Gia's Story

While 3-year-old Gia doesn’t really understand her struggle with juvenile arthritis, she knows she gets shots and goes to the doctor a lot. She remembers that she used to limp. 

Gia Filizetti has always been an active, loving and happy young girl. The moment that changed, her parents became very worried. When Gia was 2, her parents started noticing that she was going through some physical and emotional changes. She began limping, walking slowly and favoring her left leg. Gia started sleeping more than usual and suddenly became very needy. She was no longer able to physically keep up with children her age.  

After only a couple of weeks, her symptoms became significantly worse and she was no longer able to walk to the bathroom in the morning. After multiple doctor visits, x-rays, blood panels and lots of tears, she was finally referred to Rady Children's Hospital. 

In her first appointment with Dr. Radhakrishna, Gia was immediately diagnosed with polyarticular juvenile idiopathic arthritis (JIA) due to inflammation in more than five of her joints. After another appointment with the ophthalmology department, it was confirmed that Gia also presented with inflammation in her eyes and was diagnosed with uveitis. Due to the surprisingly fast progression of her symptoms, her young age and the decrease in the quality of her life, her doctor recommended that Gia be treated quickly and aggressively.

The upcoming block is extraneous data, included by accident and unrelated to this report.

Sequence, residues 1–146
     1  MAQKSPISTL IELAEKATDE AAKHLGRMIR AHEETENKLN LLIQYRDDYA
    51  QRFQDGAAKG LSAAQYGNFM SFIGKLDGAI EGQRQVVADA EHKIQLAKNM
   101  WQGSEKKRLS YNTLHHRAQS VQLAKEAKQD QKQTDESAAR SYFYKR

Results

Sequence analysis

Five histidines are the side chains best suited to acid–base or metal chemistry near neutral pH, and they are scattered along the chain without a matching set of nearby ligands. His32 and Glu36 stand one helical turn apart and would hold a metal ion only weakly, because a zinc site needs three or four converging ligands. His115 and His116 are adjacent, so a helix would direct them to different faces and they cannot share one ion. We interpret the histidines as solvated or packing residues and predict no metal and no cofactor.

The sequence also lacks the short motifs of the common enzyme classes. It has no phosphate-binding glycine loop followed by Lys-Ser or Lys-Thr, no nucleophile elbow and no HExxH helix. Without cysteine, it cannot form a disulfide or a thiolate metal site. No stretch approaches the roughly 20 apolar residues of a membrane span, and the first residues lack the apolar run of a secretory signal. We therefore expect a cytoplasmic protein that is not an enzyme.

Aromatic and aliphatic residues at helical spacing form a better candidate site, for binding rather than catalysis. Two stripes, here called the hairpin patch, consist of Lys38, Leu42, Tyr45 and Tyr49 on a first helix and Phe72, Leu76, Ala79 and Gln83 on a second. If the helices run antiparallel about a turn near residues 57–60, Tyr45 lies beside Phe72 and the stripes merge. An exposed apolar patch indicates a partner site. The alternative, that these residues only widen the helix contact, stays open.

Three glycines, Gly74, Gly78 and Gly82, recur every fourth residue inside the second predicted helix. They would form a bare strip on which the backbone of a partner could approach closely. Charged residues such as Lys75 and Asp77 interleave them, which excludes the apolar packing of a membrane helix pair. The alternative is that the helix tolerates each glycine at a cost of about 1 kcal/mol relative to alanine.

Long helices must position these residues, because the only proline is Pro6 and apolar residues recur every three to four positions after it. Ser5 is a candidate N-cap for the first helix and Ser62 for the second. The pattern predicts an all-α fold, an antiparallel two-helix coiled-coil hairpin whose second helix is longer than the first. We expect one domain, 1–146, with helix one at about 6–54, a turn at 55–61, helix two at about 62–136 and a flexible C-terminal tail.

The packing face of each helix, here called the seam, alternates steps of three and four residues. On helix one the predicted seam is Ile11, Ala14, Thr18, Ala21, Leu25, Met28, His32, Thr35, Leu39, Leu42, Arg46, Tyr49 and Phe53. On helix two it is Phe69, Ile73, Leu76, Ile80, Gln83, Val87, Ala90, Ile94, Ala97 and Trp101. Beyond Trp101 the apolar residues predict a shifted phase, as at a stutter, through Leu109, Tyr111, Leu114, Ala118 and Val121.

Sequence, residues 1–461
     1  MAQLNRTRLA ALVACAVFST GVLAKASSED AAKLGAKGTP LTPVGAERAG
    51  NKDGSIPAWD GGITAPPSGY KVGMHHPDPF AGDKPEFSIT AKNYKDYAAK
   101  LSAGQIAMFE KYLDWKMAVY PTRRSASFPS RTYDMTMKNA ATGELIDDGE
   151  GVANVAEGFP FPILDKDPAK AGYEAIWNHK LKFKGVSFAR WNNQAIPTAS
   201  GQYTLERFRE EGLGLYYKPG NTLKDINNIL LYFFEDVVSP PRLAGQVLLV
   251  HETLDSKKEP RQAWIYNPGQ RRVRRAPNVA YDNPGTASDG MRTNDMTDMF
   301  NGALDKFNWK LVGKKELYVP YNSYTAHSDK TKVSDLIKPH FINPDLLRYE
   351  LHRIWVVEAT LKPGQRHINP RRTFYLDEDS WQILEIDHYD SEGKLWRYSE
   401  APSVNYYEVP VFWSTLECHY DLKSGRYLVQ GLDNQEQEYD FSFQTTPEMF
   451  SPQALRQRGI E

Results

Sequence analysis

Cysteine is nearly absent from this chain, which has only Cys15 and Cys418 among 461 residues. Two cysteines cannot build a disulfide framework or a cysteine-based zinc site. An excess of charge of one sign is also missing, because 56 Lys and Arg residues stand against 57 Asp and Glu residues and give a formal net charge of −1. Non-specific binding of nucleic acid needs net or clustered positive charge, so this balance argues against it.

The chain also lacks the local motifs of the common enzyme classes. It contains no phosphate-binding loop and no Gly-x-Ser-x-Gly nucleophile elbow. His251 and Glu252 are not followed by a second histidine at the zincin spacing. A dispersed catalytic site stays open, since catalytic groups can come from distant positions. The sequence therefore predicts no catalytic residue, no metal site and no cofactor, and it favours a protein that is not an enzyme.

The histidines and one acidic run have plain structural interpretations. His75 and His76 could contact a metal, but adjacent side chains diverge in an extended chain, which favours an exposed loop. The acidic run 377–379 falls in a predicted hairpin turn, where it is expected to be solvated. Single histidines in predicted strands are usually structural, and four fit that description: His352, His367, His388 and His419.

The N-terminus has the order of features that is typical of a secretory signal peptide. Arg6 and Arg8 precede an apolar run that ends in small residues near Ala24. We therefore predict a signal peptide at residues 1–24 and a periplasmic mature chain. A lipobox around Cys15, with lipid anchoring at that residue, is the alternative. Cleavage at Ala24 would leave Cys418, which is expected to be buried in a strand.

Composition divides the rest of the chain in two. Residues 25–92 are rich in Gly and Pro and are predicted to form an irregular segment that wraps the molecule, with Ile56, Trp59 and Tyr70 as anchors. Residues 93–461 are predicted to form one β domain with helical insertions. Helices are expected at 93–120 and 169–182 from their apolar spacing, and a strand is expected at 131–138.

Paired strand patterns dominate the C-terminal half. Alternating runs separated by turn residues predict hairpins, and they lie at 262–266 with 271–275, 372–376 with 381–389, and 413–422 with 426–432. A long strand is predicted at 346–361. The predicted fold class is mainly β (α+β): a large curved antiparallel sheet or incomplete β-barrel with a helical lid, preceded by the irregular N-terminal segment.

Gia’s parents were in shock and denial. They did extensive research and decided to be as strong as possible for their daughter. Before Gia was even 3, she began receiving weekly Humira shots and doses of methotrexate to help combat her inflammation. In addition, she was prescribed steroid drops for her eyes to prevent her uveitis from causing blindness. 

The journey has not been easy on Gia or her parents. But thankfully, her treatment planned has worked, and she is officially in remission. She is walking, jumping, doing ballet and riding a bike. An outsider would never look at Gia and know that she struggles with JIA. Even Gia still does not understand. She knows that she gets shots. She knows that she needs medications. She knows that she meets with her doctors a lot, and she remembers that she used to limp. But other than that, she is no different than any other preschooler.